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Celebrate the small victories

Dear Annie: My biggest accomplishment in life is my recovery. I’m currently seven years sober, and I have worked very hard to clear my history of self-destruction and rebuild my life into what it is today. I continue to attend recovery meetings and guide other women through the recovery process. But I am in a maddening loop thinking of what to do with my life.

I came to this area to attend rehab and had no intention to stay, yet here I am eight years later. I have reached and sustained stability in my life, but my heart longs for more. I am afraid I will never take the leap to make a change and, ultimately, get lost in regret of what could have been.

I’ve consulted therapists, my sponsor, my family, my friends, my co-workers, and I believe they are sick of hearing about it. Before I got sober, I was a risk taker in good and bad ways. I was bold and brave and moved on my own multiple times. It’s as though I have lost the ability to create my own future. I continue to live a mediocre-feeling life, and I fear I will never change. I just don’t know what to do, and I was compelled to ask you. How do I change? — Stuck in a Loop

Dear Stuck in a Loop: There is nothing mediocre about a life lived seven years sober. That is something to be celebrated. And helping other women get sober while staying sober yourself is heroic. While a therapist and friends are an essential part of recovery, the person you need to consult is yourself. Cut yourself some slack, and be kind to yourself. Be grateful for all the wonderful things that have been made possible by your sobriety. Turn off that critical voice in your head that is telling you they don’t count, or they don’t mean much, or if you were really strong, you would move to a strange environment. Nonsense.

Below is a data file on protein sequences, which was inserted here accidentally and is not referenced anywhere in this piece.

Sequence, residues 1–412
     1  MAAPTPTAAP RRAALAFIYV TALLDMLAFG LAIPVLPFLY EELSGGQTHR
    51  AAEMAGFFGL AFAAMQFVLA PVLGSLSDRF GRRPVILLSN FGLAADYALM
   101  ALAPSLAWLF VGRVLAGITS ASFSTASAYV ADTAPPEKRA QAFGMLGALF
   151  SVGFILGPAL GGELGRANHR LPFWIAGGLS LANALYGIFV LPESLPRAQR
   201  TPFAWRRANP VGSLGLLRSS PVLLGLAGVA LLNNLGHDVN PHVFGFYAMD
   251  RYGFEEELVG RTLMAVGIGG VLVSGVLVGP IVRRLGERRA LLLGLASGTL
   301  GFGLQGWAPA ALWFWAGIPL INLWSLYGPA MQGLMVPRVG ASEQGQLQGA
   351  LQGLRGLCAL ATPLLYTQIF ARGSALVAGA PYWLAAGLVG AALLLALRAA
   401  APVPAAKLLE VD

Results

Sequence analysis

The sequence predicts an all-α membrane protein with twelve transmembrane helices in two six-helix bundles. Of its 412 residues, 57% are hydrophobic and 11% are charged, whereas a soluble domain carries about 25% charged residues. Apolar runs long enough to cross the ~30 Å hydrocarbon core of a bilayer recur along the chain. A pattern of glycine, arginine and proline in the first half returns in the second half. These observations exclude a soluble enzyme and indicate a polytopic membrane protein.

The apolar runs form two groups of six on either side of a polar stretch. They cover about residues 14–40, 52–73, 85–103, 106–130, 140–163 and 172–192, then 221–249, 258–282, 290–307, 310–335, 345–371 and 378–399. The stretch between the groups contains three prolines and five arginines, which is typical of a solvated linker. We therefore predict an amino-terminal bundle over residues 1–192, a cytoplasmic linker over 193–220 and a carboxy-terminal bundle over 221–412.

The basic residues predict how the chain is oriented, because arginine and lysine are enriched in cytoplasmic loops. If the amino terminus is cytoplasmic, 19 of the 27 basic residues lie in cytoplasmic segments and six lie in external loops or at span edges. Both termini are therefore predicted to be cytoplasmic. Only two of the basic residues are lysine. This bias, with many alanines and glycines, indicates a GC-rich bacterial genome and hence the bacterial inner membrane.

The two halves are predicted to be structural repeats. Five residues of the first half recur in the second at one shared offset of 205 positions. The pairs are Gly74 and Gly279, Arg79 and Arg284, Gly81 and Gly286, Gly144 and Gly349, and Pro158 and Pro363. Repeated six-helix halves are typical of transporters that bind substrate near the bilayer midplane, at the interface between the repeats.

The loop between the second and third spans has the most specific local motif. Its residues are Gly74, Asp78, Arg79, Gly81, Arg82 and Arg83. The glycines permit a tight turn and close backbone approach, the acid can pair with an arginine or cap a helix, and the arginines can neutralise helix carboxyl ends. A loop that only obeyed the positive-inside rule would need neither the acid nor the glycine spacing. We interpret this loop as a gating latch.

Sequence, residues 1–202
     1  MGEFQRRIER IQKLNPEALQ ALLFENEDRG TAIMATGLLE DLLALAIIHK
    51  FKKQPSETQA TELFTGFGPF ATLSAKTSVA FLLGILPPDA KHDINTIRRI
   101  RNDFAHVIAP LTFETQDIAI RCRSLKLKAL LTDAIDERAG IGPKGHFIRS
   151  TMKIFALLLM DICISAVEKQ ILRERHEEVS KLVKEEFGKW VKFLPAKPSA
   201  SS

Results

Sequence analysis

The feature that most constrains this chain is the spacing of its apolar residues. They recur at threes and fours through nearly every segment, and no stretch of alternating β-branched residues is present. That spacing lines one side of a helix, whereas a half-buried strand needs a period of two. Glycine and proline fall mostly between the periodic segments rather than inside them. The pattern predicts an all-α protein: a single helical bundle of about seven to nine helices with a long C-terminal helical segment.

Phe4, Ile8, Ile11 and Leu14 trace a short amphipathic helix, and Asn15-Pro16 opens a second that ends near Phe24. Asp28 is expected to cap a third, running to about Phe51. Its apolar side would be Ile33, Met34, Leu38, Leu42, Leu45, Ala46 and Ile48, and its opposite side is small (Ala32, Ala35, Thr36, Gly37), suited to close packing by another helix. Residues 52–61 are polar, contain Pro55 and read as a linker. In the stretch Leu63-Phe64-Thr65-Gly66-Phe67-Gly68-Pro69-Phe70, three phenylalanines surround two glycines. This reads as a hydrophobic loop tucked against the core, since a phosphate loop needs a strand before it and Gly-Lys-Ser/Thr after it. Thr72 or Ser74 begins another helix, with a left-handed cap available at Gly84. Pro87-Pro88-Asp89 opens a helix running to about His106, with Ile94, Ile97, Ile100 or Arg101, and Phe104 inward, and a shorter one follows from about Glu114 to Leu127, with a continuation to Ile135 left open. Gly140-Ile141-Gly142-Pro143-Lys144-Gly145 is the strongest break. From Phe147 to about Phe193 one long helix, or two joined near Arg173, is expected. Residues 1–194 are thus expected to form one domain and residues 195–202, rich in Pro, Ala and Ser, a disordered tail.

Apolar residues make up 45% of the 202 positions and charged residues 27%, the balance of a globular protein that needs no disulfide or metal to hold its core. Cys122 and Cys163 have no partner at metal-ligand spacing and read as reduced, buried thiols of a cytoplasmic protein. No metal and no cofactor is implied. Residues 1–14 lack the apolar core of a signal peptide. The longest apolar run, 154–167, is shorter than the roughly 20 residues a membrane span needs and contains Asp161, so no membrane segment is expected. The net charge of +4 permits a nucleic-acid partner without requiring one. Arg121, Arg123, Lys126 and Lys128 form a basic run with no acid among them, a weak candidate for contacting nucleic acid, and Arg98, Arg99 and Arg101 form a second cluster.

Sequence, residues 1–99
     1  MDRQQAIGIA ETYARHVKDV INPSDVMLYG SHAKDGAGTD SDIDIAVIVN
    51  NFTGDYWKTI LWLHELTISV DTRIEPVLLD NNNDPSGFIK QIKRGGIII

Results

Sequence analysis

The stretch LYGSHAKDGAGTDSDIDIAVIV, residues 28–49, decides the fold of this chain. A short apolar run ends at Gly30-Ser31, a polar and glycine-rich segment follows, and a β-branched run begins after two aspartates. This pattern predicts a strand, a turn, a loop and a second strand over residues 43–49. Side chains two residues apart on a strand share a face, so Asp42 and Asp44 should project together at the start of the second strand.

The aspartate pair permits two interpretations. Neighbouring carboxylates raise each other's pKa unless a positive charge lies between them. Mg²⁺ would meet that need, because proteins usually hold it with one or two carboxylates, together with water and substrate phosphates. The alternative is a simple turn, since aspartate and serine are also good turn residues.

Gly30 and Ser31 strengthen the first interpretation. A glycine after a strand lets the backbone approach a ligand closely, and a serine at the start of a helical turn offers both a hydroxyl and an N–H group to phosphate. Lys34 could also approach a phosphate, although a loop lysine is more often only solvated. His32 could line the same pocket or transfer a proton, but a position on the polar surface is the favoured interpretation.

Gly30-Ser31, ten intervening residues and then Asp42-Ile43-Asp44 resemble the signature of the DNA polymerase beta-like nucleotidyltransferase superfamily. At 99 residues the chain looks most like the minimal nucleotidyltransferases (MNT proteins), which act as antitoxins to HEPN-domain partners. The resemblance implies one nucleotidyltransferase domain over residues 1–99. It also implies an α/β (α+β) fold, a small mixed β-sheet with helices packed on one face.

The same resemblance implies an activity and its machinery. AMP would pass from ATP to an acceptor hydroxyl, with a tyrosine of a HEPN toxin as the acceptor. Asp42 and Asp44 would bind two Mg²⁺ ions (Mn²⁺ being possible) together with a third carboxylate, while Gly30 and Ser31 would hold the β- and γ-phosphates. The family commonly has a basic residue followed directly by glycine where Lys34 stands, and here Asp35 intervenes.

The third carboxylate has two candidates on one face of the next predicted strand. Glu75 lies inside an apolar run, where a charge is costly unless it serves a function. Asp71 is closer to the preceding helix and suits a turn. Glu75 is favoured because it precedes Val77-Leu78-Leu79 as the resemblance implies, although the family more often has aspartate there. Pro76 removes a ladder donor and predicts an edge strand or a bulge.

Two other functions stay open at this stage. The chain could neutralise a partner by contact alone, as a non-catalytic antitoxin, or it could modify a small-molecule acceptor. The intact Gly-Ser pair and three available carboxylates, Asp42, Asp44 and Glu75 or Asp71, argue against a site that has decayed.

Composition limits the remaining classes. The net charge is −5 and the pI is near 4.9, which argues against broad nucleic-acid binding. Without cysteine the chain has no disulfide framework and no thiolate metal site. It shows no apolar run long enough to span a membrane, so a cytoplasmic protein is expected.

Wherever you go, there you are. Thus, it doesn’t matter if you move to another town or wait for this great big moment when life will not be mediocre anymore. It’s about finding joy and pleasure in the small victories of each day.

If there are things you want to try but are afraid to, try them anyway. Fear is “false evidence appearing real.”

Dear Annie: “Out of Shape” was wondering how to start a successful exercise program after many years of disappointment. As an executive coach who works with professionals on everything from time management to wellness, I have found the biggest challenge to making life changes is that people start out with plans that are too big.

Begin with a simple step: Get more active. It might be taking a 10-minute walk after lunch, doing three minutes of calisthenics before getting in the shower or doing squats for two minutes while you brush your teeth. The key is to tie it to something you already do every day.

After one month, this routine becomes a habit that you can celebrate and build upon. You might feel it is a small improvement, but you are already more active than you were a month ago! The next month, add something simple to your new routine, or create a second one for another time during the day.

Also, look for ways to make simple tasks more physically challenging. Let’s say you are picking up stray items around the living room. Pick them up one at a time, and sprint to put them away. By year’s end, you will find that you are leading a much more active life without putting in an overwhelming amount of effort. Your increase in energy and confidence will help spur you to a more active life naturally. — Keeping It Simple

Dear Keeping It Simple: I always love hearing from professionals who offer wise perspectives. Your advice reminds me of one of my favorite sayings: Life is a cinch by the inch and a trial by the mile.

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